In the run-up to the World Trade Organization's (WTO) Ministerial Conference in December 2015 in Nairobi, Kenya, the Organization's Accessions Division has been particularly active. While twenty-two accession negotiations are in progress, Kazakhstan and Liberia have made major strides this year and are on track to be accepted as WTO Members at the 2015 Ministerial Conference.
The WTO accessions process involves ensuring that the acceding Member, from the date of accession, will be able to abide by the trade commitments in the WTO Agreement (and the 15 or so treaties annexed to it). When a country applies for membership, a Working Party of WTO Members is established to conduct the negotiations. The negotiations proceed on two tracks: a multilateral track and a bilateral track. Many countries, especially developing countries and least-developed countries (LDCs), often receive technical assistance from international organizations, national institutions, and private parties, as is the case with Liberia, which received the assistance of King & Spalding, among others.
The multilateral track aims to ensure that the acceding Member's domestic trade regime is in line with the rules-based international trade system that dates to the 1947 General Agreement on Tariffs and Trade. To a certain extent, this is a "fake" negotiation, because whether to align with WTO rules is "non-negotiable." Some countries—especially LDCs—however, may take advantage of transitional periods to adjust internal laws and policies.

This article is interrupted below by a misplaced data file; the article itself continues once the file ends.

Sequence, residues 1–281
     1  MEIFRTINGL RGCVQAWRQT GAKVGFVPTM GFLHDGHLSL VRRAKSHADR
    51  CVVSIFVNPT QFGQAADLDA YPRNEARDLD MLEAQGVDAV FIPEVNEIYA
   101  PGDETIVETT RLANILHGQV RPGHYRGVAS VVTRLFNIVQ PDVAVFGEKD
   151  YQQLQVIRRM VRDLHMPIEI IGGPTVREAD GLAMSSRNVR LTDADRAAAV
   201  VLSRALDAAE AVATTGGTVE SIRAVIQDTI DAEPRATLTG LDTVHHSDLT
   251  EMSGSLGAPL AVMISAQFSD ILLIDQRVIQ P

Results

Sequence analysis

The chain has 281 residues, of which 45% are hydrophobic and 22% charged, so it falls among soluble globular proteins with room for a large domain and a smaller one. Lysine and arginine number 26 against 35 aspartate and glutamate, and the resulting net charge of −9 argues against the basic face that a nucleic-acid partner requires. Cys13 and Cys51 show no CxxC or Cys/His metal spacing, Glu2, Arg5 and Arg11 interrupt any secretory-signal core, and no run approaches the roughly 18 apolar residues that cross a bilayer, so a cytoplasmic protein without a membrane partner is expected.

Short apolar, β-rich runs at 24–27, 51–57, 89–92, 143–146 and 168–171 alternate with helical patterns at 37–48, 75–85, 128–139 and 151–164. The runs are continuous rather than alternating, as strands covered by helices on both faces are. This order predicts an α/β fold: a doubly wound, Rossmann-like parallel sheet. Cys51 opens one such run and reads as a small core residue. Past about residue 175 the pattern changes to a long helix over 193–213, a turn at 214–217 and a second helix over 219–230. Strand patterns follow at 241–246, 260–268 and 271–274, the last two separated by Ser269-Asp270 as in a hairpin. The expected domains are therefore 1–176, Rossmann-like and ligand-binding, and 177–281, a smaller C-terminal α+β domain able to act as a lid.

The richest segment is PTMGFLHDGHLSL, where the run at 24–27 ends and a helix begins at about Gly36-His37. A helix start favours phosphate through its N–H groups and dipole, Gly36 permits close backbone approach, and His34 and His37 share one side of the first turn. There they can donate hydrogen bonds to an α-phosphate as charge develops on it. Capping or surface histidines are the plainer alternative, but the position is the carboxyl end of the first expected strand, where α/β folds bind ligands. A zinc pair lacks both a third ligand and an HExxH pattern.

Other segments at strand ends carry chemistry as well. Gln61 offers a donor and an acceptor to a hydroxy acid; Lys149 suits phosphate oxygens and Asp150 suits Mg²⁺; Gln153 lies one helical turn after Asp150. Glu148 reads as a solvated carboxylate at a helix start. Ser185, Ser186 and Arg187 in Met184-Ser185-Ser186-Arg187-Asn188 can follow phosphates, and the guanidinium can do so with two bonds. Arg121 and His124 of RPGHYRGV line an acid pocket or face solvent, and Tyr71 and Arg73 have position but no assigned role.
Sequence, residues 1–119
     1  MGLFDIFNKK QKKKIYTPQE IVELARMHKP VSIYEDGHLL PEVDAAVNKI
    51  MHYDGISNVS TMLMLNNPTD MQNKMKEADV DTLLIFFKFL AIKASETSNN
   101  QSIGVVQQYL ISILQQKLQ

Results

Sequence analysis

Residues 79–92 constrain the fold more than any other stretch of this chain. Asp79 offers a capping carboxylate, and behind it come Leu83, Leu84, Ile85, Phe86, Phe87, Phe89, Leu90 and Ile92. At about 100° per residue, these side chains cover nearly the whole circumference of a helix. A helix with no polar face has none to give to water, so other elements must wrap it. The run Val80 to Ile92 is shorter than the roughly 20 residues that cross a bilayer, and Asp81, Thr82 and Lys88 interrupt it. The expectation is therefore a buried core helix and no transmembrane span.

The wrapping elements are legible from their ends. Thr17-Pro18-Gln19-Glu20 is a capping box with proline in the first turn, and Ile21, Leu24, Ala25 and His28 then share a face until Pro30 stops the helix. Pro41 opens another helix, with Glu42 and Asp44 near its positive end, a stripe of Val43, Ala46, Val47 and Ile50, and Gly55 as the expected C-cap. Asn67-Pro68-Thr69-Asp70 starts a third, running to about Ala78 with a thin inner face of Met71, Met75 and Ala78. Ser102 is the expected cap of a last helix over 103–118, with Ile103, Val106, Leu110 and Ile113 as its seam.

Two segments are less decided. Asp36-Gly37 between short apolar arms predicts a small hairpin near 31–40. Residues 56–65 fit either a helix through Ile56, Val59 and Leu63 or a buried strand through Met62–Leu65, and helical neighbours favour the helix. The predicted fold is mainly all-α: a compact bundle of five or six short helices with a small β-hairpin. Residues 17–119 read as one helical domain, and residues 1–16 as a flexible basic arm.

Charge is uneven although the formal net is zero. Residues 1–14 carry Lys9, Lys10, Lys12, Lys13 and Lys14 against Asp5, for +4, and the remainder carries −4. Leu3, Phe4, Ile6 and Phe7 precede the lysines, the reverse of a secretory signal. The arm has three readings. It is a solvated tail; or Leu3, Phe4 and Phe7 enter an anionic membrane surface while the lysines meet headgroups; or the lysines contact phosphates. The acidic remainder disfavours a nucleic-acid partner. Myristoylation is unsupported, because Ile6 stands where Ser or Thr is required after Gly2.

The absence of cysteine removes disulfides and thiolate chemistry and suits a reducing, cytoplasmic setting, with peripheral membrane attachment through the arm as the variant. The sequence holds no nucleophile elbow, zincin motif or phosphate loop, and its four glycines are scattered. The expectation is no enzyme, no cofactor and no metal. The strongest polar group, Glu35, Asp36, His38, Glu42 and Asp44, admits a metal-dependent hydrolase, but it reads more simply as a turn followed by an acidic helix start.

On the bilateral track, the "real" negotiations proceed as current WTO Members with specific trading interests engage with the acceding Member to determine the level of commitments the acceding Member will make regarding intellectual property protection and liberalization of trade in goods and services. The results of these "bilateral" negotiations are compiled and then applied to the entire WTO Membership under the Most-Favored-Nation rule.
The process can be lengthy. China and Russia negotiated, respectively, for 15 years and 18 years prior to accession, and the still-ongoing Algerian negotiations began in 1987. On the other hand, Kyrgyzstan concluded its negotiations in 2.5 years.
In the case of Kazakhstan, accession now is secure after more than 19 years of negotiations. The negotiation process concluded when the General Council accepted Kazakhstan's "accession package" of commitments in July 2015. Kazakhstan must complete its internal ratification process, and then the Ministerial Conference will welcome it in Nairobi as a full WTO Member.
As for Liberia, an LDC that applied for Membership in 2007, the accessions process is nearing its conclusion, as reported at the Working Party's July meeting. The bilateral negotiations have been completed, and remaining issues are to be finalized at the October Working Party meeting, in time to allow formalities to be concluded before the December Ministerial Conference.
These accessions reveal the continued relevance of the WTO as a negotiating body as countries still seek to join this club of 161 Members representing over 95 percent of world trade and global GDP.